It used to be said that you could avoid everything in life except these two constants. Since Margaret Thatcher came to power however, the situation has become a little different…
In the 32 years since Margaret Thatcher came to power, and more spectacularly since the “Big Bang” in The City in 1987, what was once a shady corner of Finance has become a major activity worldwide – “Tax Optimisation”, or Tax Avoidance to you and me.
Simply put, the rich and big businesses, whether Barclays Bank, TopShop or Tesco use legal loopholes and financial skulduggery to avoid paying taxes that you or I cannot avoid. If you run a small business, or manage an outlet for a large company, please be warned that the following may lead you to never voting Tory again…
Historically, the Thatcher/Lawson years were a watershed, with the burden of taxation moved from progressive Income Tax with more paid the more you earn to consumption-based taxes such as VAT, which had its scope moved from” luxury” goods to more and more of the basics of life. Now taxes on consumption may not always be a bad thing, but as a proportion of income, they hit those on middle and poorer incomes at a greater rate than they do the rich. Simply put, you can only consume so much. By 1987, according to statistics released by The Treasury, the burden of taxation was exactly the same as it had been in 1979 – 33%, but it had been shifted down to the lower earning brackets.
It took John Majors’ Government to further reduce the Income Tax bands, so that the higher rate of tax was only 40%. Even under Lawson, there had been a marginal rate of 60% for the very rich corporation tax was also lowered throughout the period, to make Britain a “haven for foreign investment”, along with plenty of our money paid as sweeteners to multinationals to come here. And there it has stayed. One of the major failures of New Labour was its insistence on following Conservative economic policies that hurt those in the middle and below, whilst fawning over those in clover. For all the good done over the past thirteen years reducing Child Poverty, refunding the NHS and Education, our party could, and should have done more.
One of the worst areas of inaction was over closing tax loopholes used by the wealthy to avoid even low rates of tax. So in awe of the rich were Blair, Brown and Mandleson, that they gave peerages to people such as Fred Goodwin, then Head of RBS, Philip Green at TopShop and their international guru, Alan Greenspan.
The international super-rich flocked to Mayfair, Kensington and Chelsea, much to the chagrin of the merely very rich City types, who moaned loudly that they could now “only” afford to live in Richmond or Barnes; oh how we did not weep for them. But in spite of everything done for them, they wanted more. The Billionaires from India, Russia, and China had moved here because their “non-dom” status meant that they could pay almost no tax whatsoever, and homegrown tycoons followed suit. as Robert Peston mentioned in his book about the crash, TopShops boss, Sir Philip Green gets his salary paid to his wife, who for tax purposes is based in Monaco. He is not alone. More worryingly, he is an advisor to the present Government on Business Affairs. This is not just an economic outlook, but also a moral one, as ex-City millionaire David Laws, who was sacked for fiddling £40,000 out of the public purse last year, looks set to rejoin the Government in some position this April.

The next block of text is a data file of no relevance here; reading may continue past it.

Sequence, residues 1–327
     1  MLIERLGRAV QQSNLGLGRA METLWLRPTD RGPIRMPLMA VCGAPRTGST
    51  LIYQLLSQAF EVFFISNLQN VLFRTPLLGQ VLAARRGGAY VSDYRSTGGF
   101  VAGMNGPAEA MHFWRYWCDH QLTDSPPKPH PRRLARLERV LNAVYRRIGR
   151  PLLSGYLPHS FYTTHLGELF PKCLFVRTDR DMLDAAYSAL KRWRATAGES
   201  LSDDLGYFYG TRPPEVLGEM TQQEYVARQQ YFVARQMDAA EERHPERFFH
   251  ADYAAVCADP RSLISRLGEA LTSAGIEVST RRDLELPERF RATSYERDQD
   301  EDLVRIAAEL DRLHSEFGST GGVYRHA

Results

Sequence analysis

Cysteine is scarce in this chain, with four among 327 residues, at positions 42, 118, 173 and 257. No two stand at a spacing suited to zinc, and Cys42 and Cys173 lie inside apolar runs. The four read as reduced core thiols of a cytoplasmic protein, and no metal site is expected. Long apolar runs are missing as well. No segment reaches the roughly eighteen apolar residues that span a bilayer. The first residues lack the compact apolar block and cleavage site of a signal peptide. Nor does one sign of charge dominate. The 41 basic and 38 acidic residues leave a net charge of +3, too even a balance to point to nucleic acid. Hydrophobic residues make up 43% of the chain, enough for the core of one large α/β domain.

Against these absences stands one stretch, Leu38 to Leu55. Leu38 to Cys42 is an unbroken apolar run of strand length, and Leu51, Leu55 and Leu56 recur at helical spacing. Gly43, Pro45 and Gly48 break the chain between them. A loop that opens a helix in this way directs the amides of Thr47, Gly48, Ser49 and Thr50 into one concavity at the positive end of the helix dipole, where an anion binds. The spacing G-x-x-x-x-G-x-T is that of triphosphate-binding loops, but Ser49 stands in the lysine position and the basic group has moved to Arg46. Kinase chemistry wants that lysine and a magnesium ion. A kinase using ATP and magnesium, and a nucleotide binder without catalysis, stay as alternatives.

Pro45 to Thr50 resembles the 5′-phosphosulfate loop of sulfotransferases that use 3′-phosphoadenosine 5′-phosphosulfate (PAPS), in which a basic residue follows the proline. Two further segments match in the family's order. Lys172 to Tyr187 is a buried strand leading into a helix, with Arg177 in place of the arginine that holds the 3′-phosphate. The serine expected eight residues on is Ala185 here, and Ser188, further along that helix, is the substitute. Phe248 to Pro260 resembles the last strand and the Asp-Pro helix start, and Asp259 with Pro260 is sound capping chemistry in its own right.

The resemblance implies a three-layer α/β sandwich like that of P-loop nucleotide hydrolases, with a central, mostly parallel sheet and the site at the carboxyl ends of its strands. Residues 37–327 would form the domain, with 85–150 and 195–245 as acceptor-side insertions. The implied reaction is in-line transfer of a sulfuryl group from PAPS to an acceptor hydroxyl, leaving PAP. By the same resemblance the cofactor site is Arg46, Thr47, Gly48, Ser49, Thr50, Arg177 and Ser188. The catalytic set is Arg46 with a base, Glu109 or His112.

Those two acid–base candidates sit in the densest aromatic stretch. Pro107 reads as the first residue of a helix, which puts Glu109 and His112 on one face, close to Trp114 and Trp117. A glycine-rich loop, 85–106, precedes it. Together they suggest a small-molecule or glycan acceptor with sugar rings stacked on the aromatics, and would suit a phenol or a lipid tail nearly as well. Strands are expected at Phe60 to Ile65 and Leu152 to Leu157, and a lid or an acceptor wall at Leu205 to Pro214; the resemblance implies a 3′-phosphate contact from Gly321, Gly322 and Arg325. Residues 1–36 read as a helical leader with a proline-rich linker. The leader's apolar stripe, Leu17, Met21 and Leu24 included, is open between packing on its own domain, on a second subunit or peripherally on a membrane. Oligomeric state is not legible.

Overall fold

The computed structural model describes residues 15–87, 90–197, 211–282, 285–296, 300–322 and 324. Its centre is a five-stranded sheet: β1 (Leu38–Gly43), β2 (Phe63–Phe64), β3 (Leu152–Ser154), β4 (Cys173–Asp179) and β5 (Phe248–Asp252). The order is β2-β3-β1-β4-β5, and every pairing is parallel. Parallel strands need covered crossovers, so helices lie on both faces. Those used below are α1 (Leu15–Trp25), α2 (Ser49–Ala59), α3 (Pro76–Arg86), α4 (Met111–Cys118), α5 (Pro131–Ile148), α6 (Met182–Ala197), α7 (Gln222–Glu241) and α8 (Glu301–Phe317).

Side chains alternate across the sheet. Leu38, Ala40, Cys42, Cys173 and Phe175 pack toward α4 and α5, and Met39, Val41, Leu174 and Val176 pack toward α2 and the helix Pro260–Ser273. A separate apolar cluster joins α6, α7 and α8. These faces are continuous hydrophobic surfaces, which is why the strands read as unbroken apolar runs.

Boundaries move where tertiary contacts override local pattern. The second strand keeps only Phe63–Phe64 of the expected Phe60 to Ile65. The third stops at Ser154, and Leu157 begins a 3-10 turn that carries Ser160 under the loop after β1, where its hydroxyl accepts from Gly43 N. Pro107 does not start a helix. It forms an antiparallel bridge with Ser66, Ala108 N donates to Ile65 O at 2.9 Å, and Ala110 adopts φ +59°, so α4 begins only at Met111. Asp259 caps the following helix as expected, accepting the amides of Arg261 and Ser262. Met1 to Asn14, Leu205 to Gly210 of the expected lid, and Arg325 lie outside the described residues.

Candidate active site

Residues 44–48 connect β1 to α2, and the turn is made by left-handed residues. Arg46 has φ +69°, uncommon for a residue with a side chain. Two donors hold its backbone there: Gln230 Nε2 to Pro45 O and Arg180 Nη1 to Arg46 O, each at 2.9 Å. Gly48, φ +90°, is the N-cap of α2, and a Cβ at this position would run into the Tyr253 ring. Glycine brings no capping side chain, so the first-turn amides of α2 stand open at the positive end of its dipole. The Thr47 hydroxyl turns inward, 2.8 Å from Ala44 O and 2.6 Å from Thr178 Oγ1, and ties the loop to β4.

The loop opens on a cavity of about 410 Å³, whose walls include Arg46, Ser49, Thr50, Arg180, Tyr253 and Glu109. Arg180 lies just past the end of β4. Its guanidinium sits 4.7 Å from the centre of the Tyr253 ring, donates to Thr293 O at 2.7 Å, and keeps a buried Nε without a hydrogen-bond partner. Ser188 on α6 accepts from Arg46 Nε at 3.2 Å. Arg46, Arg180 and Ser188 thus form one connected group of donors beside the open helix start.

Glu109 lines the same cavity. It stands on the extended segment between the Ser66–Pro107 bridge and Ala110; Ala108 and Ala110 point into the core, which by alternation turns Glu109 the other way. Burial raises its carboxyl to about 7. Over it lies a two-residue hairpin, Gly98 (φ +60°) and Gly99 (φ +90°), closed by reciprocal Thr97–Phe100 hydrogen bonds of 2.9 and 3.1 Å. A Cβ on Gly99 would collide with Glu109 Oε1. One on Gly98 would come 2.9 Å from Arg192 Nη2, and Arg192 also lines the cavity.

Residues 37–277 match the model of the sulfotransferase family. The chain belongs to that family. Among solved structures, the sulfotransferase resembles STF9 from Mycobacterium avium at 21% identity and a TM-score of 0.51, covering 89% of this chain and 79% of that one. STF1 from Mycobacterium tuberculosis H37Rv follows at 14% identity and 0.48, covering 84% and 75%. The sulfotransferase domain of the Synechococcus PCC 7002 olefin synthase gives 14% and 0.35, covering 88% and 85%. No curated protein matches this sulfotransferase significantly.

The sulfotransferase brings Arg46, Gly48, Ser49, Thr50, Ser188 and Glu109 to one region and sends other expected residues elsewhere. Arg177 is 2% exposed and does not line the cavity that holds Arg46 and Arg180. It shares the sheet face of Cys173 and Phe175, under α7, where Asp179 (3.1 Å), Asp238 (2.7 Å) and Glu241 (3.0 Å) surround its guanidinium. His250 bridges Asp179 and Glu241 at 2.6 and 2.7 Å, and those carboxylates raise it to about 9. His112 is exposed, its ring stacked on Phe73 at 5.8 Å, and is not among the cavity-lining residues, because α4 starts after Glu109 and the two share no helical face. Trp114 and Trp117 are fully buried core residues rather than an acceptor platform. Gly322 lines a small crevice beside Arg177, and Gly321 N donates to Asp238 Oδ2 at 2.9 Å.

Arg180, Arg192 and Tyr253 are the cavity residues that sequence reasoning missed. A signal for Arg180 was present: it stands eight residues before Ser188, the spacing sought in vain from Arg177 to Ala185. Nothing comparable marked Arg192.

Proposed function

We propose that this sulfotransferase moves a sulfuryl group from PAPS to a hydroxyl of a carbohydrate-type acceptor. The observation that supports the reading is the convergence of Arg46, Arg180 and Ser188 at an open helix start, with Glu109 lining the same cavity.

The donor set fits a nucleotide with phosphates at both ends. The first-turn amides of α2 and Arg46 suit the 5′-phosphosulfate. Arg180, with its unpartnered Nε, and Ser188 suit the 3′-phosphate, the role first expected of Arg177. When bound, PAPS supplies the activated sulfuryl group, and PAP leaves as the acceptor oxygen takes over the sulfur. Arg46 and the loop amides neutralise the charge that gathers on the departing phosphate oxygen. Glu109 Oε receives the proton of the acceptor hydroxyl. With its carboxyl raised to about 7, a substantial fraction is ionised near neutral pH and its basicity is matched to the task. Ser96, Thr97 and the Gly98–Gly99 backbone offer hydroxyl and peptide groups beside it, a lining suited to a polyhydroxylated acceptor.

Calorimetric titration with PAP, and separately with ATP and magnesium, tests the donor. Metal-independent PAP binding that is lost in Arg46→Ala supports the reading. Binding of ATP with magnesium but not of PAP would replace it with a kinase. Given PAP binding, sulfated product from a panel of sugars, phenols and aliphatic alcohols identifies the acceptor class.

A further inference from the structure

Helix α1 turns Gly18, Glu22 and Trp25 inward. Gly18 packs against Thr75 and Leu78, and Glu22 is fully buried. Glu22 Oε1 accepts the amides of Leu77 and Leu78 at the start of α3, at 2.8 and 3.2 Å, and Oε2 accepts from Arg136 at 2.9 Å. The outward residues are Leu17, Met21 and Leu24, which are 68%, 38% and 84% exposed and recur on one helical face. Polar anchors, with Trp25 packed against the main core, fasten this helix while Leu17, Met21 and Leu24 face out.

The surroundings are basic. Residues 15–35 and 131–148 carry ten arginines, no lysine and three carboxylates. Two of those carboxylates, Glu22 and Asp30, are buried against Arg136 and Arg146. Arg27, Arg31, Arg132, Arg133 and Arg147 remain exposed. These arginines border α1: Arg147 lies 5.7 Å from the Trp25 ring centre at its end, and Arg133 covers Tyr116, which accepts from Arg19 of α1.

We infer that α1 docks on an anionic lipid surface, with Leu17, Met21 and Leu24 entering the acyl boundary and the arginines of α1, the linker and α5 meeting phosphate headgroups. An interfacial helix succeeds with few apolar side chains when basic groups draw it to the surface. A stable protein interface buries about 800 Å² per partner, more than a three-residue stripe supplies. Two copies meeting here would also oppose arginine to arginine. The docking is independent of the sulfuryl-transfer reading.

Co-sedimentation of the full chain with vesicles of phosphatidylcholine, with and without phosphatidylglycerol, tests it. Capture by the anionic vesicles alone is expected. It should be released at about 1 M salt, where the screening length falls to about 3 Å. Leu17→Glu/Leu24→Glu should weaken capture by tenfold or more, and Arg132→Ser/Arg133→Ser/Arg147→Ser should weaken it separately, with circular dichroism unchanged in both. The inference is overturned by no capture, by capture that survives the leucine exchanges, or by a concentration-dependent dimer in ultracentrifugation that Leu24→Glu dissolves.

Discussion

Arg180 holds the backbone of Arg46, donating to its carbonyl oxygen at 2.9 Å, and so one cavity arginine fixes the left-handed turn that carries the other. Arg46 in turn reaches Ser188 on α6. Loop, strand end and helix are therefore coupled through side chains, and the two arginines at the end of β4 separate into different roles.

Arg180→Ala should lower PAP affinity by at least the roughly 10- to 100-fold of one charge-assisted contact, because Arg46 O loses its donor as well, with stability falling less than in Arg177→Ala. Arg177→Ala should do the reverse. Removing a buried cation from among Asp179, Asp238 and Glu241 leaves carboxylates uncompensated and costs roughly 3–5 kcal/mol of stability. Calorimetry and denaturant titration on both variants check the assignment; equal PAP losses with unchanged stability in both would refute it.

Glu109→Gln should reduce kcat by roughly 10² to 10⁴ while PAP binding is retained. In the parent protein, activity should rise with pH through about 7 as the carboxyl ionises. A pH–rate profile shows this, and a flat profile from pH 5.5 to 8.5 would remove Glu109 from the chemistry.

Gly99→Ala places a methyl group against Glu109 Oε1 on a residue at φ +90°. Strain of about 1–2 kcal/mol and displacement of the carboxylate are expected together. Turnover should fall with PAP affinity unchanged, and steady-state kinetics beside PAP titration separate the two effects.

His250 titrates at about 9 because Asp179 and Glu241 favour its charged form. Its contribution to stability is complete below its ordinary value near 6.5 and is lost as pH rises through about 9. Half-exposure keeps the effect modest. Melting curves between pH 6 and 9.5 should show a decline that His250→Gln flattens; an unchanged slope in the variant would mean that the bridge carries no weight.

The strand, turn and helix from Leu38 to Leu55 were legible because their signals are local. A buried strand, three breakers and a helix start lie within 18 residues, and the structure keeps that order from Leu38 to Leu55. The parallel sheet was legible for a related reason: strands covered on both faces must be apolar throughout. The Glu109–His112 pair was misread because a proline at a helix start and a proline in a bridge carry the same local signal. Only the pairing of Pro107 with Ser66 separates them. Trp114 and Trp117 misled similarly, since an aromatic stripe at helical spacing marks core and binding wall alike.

Yet the Government is unlikely to do much without outside pressure, as a Cabinet with a high proportion of ex-City types, such as Chris Huhne, and sons of stockbrokers such as David Cameron make all the right noises to placate the rich, whilst telling us that “we are all in this together”. Recently it came to light that since 2005, donations to the Tory Party from City sources had reached over fifty percent of its total funding – many from the very hedge fund managers who got us in this mess whilst avoiding taxes here. In January, at the annual Black and White party ( they daren’t call it a ball anymore), secure in Battersea Park, City Internships were auctioned-off to the highest bidder, in aid off Tory Party funds. Perhaps this is the “Big Society”? A short walk away are some of the roughest and most deprived estates in London.
The Mayor of London, Boris Johnson was also in attendance, and as many have noted, has spent much of the past year or so loudly protesting that we must stop “bashing Bankers” over the billions of our money we had to throw at them to save the system. Let us not forget that in 2009 he publicly decried his £250,000 per year stipend from The Daily Telegraph as mere “chickenfeed”. It seems we have not a Mayor for all of London, but TWO Lord Mayors of The City of London…
(Part Two to follow soon…)